"Hey, for every ten dollars, that's another hour that I have to be in the work place. That's an hour of my life. And my life is a very finite thing. I have only 'x' number of hours left before I'm dead. So how do I want to use these hours of my life? Do I want to use them just spending it on more crap and more stuff, or do I want to start getting a handle on it and using my life more intelligently?" -- Joe Dominguez (1938 - 1997)

RIP to Reemy, my avatar dog (2003 - 9/16/2017)
ziggy29 is offline   Reply With Quote
Old 04-11-2012, 11:06 AM   #14
Moderator
MichaelB's Avatar
 
Join Date: Jan 2008
Location: Rocky Inlets
Posts: 24,424
Quote:
Originally Posted by Coolius View Post
T-Al, forgive my ignorance, but what is a "no-RMD" IRA? I thought that when one reaches the 70 1/2 age, one MUST withdraw a RMD that is computed based on the IRA balance, and I do not recall any kind of IRA balance cutoff to avoid the RMD.
ROTH IRA are not subject to RMDs.
__________________
MichaelB is offline   Reply With Quote
Old 04-11-2012, 11:30 AM   #15
Thinks s/he gets paid by the post
walkinwood's Avatar
 
Join Date: Jul 2006
Location: Denver
Posts: 2,676
Do you have investment choices in an HSA?
__________________
walkinwood is offline   Reply With Quote
Old 04-11-2012, 12:27 PM   #16
Give me a museum and I'll fill it. (Picasso) Give me a forum ...
REWahoo's Avatar
 
Join Date: Jun 2002
Location: Texas Hill Country
Posts: 42,078
Quote:
Originally Posted by walkinwood View Post
Do you have investment choices in an HSA?
Yes, but the choices depend on who you use to administer your HSA account. I went with HSA Administrators due to relatively low cost and the fact they offer a choice of 22 Vanguard funds.
__________________
Numbers is hard

When I hit 70, it hit back

Retired in 2005 at age 58, no pension
REWahoo is offline   Reply With Quote
Old 04-11-2012, 05:11 PM   #17
Give me a museum and I'll fill it. (Picasso)
Give me a forum ...
pb4uski's Avatar
 
Join Date: Nov 2010
Location: Vermont & Sarasota, FL
Posts: 16,411
Quote:
Originally Posted by TromboneAl View Post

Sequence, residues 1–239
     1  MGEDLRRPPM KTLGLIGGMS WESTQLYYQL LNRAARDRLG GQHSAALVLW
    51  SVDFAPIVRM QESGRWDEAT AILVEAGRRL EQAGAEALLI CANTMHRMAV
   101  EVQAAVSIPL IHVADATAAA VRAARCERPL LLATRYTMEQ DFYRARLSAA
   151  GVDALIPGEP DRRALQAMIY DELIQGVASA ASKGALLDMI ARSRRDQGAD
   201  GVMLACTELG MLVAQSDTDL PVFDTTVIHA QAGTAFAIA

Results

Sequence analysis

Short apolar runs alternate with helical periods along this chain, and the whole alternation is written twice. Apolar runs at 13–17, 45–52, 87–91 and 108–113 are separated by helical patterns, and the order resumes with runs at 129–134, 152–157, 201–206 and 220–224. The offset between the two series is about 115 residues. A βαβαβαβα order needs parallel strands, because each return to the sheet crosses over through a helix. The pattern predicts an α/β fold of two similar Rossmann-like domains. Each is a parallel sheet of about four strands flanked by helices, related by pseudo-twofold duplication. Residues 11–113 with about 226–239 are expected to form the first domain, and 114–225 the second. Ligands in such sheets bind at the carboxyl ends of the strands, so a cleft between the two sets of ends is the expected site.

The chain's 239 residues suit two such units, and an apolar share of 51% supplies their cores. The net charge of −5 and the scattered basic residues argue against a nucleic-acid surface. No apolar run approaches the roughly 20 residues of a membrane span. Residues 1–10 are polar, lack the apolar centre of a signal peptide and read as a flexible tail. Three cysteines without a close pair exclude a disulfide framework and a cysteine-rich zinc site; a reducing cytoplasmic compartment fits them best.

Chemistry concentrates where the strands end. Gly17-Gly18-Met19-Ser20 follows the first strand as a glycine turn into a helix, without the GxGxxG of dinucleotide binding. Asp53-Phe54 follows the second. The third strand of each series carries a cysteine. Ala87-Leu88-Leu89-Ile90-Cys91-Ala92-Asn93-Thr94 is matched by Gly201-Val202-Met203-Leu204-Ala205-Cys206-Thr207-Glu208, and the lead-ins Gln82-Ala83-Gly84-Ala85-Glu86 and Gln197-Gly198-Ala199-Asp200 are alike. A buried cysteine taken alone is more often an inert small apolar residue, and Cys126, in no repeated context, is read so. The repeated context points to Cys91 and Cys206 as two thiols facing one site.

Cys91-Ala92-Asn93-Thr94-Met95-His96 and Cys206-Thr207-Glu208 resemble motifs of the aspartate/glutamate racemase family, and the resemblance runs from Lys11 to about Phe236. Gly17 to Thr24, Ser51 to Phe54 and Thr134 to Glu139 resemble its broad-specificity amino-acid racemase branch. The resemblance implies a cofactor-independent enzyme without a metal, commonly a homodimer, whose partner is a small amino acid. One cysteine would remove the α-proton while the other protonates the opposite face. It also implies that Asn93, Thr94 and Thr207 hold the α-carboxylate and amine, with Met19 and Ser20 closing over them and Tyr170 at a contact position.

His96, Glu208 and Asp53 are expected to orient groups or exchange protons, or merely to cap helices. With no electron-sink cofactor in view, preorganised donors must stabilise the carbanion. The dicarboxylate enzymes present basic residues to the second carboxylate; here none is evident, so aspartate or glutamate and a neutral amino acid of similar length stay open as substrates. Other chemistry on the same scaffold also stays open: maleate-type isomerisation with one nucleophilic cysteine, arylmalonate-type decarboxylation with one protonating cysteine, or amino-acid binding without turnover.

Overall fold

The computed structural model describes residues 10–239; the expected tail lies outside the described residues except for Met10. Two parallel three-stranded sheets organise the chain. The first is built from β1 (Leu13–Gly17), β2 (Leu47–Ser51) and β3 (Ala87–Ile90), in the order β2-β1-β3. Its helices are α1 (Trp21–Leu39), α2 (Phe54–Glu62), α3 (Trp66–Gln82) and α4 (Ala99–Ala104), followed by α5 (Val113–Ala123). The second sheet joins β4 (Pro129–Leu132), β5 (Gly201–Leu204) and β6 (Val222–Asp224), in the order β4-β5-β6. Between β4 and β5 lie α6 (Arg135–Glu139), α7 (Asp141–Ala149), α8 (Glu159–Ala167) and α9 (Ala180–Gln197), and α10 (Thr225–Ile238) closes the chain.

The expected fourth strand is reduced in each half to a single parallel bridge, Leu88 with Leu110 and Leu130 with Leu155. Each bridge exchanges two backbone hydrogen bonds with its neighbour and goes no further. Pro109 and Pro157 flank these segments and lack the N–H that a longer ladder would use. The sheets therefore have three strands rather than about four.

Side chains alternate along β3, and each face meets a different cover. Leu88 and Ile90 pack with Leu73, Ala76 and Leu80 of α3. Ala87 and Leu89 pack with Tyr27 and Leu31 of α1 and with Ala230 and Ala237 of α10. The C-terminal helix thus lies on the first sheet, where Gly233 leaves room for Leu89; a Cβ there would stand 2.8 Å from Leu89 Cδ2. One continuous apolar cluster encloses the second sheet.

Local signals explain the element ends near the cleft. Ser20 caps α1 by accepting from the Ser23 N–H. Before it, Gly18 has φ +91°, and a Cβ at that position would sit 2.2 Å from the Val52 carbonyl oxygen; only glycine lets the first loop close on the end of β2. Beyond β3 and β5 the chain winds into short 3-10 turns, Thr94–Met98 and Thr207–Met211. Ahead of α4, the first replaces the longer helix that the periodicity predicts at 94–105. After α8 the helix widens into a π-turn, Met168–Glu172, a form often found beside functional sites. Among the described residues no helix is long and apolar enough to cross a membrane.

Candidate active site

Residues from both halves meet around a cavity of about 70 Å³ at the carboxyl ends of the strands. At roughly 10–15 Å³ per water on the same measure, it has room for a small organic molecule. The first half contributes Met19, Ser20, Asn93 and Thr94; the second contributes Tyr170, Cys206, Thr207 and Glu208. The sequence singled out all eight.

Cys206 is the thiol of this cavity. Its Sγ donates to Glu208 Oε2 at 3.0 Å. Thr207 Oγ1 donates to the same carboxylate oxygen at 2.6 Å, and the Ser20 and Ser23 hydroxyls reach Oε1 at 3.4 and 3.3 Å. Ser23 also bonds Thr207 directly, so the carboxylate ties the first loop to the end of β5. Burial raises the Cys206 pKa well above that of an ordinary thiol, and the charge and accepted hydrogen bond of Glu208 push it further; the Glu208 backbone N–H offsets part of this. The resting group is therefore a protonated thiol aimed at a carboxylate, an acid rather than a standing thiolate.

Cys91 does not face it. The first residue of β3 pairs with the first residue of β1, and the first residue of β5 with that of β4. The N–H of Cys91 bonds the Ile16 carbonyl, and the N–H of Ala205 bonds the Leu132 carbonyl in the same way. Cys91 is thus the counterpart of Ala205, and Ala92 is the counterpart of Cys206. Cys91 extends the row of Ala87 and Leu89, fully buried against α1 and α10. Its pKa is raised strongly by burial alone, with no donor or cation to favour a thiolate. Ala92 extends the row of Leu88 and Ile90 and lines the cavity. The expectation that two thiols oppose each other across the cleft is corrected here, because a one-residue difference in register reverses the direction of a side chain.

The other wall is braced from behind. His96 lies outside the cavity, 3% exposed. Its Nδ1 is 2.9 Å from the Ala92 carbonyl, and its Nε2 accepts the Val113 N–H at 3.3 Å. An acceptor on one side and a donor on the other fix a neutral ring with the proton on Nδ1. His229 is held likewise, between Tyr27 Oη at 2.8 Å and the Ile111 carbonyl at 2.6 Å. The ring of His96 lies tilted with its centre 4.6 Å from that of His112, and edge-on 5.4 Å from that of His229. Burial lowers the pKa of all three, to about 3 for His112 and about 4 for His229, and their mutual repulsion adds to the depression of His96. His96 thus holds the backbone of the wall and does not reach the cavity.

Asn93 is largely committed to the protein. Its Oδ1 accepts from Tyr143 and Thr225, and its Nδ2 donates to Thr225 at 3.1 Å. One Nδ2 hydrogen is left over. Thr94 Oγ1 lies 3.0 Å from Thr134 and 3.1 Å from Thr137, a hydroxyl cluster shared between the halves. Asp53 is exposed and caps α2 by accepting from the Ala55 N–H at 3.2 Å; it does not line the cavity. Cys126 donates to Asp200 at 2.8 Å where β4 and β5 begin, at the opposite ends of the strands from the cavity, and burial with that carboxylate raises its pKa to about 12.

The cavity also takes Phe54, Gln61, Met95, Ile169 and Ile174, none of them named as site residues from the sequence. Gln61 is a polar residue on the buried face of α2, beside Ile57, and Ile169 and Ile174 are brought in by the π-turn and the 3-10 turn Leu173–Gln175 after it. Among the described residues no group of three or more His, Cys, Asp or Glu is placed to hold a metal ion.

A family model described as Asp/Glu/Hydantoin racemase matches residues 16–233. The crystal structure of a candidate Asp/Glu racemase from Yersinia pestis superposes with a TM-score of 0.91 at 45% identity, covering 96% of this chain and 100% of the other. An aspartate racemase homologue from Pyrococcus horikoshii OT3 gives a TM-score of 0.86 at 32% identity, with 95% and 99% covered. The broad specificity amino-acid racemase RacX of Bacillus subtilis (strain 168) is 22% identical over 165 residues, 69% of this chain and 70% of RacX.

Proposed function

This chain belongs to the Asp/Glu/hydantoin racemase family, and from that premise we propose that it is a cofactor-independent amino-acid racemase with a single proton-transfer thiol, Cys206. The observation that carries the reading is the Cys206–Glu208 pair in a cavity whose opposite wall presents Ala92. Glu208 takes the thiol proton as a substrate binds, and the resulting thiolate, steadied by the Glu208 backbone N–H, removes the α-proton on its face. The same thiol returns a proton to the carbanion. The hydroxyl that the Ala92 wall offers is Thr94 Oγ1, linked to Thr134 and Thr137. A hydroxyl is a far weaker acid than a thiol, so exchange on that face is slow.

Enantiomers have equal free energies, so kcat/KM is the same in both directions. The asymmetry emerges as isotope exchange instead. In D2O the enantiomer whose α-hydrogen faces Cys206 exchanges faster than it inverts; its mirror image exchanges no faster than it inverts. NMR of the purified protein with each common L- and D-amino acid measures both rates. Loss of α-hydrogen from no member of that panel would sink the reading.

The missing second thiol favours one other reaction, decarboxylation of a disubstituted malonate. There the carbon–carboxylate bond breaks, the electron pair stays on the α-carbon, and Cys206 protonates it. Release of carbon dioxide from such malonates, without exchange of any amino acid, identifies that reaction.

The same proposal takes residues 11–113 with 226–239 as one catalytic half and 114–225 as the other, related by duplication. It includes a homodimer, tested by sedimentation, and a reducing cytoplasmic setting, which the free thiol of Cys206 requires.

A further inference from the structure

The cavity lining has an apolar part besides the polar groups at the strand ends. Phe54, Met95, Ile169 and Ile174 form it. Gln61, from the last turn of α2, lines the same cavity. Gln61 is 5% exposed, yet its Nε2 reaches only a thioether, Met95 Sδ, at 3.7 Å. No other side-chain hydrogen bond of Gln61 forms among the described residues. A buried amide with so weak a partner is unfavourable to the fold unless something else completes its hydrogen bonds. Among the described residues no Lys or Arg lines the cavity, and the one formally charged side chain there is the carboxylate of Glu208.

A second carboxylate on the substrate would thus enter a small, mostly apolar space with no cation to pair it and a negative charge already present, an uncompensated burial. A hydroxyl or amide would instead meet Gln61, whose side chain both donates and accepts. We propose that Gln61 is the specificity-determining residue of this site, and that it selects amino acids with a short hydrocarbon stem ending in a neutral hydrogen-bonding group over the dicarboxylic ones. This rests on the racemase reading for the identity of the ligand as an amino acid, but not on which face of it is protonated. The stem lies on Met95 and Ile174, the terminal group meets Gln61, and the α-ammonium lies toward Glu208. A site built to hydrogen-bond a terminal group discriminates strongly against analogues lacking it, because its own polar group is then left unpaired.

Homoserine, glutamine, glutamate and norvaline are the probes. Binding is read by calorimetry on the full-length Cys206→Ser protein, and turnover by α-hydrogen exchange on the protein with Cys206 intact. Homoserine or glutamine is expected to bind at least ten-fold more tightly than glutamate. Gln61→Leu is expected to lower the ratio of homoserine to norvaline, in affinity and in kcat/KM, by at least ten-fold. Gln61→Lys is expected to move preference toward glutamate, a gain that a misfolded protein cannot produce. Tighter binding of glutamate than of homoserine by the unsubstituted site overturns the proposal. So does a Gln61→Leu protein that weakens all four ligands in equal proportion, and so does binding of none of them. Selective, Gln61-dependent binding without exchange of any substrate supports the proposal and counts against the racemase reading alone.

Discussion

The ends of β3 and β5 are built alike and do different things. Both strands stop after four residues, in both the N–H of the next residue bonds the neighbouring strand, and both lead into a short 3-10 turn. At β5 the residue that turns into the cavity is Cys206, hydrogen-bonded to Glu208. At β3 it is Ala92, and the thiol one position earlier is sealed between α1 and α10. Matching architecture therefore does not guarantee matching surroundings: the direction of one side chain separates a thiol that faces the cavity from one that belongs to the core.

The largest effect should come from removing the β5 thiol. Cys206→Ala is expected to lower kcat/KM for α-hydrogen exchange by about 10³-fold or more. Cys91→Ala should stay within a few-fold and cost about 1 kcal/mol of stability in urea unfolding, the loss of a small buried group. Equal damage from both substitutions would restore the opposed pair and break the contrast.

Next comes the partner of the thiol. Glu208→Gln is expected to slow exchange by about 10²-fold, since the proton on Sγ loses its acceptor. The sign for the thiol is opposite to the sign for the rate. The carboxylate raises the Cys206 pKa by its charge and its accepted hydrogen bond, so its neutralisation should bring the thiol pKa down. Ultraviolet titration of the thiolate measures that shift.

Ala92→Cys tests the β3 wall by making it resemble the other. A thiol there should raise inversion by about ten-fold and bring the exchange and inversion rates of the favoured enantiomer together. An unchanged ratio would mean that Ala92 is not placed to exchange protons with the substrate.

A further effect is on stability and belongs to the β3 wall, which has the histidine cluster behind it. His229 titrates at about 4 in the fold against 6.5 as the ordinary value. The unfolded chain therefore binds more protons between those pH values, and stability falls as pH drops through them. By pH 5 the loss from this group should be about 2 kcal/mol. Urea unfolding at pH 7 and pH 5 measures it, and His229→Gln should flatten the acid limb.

The hsa and non-hsa plans were pretty much the same for me - hsa was better, in fact, even without the tax stuff. I figure I save about $400 in taxes each year, and will get a no-RMD "IRA" when I'm 65.
+1

I have viewed my HSA as simply another opportunity to invest tax-free like a Roth and I have not as of yet paid my health care costs from the HSA. Loose plan is to contribute the max until 65, let it grow and then pay for health care costs, nursing home care if needed and LTC insurance from the HSA later in life.

The gravy is that the HSA deduction allows me to make bigger tIRA>Roth conversions now.
__________________
pb4uski is offline   Reply With Quote
Old 04-11-2012, 09:44 PM   #18
Give me a museum and I'll fill it. (Picasso)
Give me a forum ...
TromboneAl's Avatar
 
Join Date: Jun 2006
Posts: 11,197
Quote:
Originally Posted by Coolius View Post
Update: Ah, I think I got what you were saying -- the HSA account after 65 acts like a "no-RMD" IRA, as there are no minimum withdrawal rules on it. After 65, one can withdraw for any reason and just have to pay the regular tax. Am I correct?
Yes, that's right.

I'm really impress with HSAAdministrators. I call them on the phone and a real person answers right away, and that person is intelligent and knowledgeable. It's weird.
__________________
TromboneAl is offline   Reply With Quote
Old 04-11-2012, 10:24 PM   #19
Moderator
Alan's Avatar
 
Join Date: Jul 2005
Location: Eee Bah Gum
Posts: 21,086
Quote:
Originally Posted by TromboneAl View Post
I'm really impress with HSAAdministrators. I call them on the phone and a real person answers right away, and that person is intelligent and knowledgeable. It's weird.